48x48 Acrylic/ Canvas/ Resin/ Mirror/ Stained Glass/ Glitter
When my sister and I were kids my Papa Reno would take us to South Dakota in the summertime for a few weeks. My Grandma passed in 1991, and at his 50-year high school reunion in 1993 he reconnected with Marge, his high school sweetheart. She was also widowed. Papa always told us this joke that he always had a crush on her but Nona wouldn’t give him ten cents to take her to the movies, so he never asked her on a date again.
Papa would pack us up into his gray chevy station wagon with red velvet interior and brave the 11-hour drive with two young girls. My most clear memory is listening to Creedence Clearwater Revival Fortunate Son 200 plus times on my sony Discman. It was around 1995 and had to be from the Forest Gump soundtrack. Papa was patient with the 7 stuffed animals I had to bring, all 500 of my crayons and 16 coloring books, troll doll collection, my box of 100 pet gummy worms (both the gummy worms and crayons will melt in the car, much to my panic and horror.) I can still picture it - that drive from Chicago to South Dakota. The flatlands went on forever, stopping only when they met giant storm clouds that looked like loaves of french bread. He always got us Mc Donald's pancakes for breakfast. When he accelerated the car he would make “Vroommm” sound effects as we shrieked with laughter.
Marge lived in a small old house on a corner lot in De Smet, South Dakota. It was a tiny, quiet town. Across the street was a high school. Since it was summer the parking lot was always empty. I would rollerblade around that parking lot for as many hours as they would let me, listening to Janet Jackson Rhythm Nation in my Discman. Marge had a giant black lab named Boots whom she cooked “gourmet meals' ' - scraps of food that he ate instead of dog food. I will grow up into an adult who only knows how to cook because I cook/ make the same gourmet meals for my dogs every day, just like Boots.
I don’t remember the very first time I met Marge but I remember sitting in her kitchen. She always had chocolate milk from the jug not made with syrup, and she made this cool whip strawberry jello pretzel dessert that to this day I will not try to re-create because I don’t want to ruin the memory. That is what time in Marge's house will always feel like to me. It was so peaceful, and calm, and there was so much good food, any time I felt like eating. The house smelled like home cooking and soup. Even in my memory, there is a warmth to it that at 38 years old I can feel in my bones. She had a golf cart that she let us drive around. Once my sister hit a tree and I was thrilled to actually be the better sibling at something for the first time in my life by default - driving.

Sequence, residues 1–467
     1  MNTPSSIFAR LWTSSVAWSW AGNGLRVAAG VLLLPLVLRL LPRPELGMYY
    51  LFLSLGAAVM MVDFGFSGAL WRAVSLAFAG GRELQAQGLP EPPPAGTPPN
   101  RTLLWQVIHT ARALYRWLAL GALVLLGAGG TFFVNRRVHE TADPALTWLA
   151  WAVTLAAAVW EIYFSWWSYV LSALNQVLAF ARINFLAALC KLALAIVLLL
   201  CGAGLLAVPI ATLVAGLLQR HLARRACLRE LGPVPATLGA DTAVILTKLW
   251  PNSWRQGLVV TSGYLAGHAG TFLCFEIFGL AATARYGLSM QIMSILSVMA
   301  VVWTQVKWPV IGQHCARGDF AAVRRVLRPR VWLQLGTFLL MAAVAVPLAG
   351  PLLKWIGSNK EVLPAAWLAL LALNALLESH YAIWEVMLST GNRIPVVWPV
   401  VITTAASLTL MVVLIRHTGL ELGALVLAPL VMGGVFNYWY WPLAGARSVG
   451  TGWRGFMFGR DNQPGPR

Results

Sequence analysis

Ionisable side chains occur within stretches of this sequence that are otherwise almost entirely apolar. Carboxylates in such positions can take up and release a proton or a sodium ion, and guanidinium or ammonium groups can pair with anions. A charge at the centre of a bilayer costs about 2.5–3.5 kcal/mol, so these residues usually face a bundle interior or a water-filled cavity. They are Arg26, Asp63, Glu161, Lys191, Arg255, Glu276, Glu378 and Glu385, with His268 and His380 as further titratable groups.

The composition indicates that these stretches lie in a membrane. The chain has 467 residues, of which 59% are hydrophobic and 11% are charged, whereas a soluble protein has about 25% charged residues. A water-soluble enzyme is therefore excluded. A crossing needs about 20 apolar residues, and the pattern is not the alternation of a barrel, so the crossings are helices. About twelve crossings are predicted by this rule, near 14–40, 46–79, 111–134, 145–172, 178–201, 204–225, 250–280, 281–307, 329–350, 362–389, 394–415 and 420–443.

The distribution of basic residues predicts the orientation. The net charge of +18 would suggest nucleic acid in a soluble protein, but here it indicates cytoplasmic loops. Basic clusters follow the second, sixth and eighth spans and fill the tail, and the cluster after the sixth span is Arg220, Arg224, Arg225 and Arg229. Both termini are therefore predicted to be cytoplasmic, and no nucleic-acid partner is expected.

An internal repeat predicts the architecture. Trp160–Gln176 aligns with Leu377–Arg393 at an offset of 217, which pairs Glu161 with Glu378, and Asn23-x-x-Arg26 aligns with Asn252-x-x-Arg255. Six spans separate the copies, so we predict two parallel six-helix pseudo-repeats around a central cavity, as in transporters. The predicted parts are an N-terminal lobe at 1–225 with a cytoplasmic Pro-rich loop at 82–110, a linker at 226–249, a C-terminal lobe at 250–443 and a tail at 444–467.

The basement of Marge's house was kind of scary for a kid - the stairs down were steep and extremely dark. The whole basement was carpeted in dark red and black patterned parlor-like carpet. She had a player piano down there where you pick a paper scroll. When you pumped your feet on the pedals the full-sized piano would play whatever song we had chosen- the keys pressing down with no hands and all. It was insane fun. Papa and Marge would let us stay up all night. She had dozens of very old dance costumes and would let us dress up in them. We would dance and sing in crazy costumes. I think that as a child that is the hardest and longest I have ever laughed. That suffocating laughter that just doesn’t stop.
My Sister and I were avid readers of all of the Laura Ingalls Wilder books. They were a family of a farmer, his wife, and daughters in the mid to late 1800s. De Smet South Dakota was where many of those books, all true stories, were based. Papa and Marge took us to all of the museums that were the Ingalls-Wilder family homes and to many of the places where trees had been planted in the stories, only to be massive 150 years later. Once they even took us to an outdoor play of my favorite book, These Happy Golden Years. I always loved that book because it was when Laura finally marries Almanzo. For my sister's wedding, I gave her an antique-bound copy of that book. Marge had passed in 2005 but it was, to me, her way of being there that day.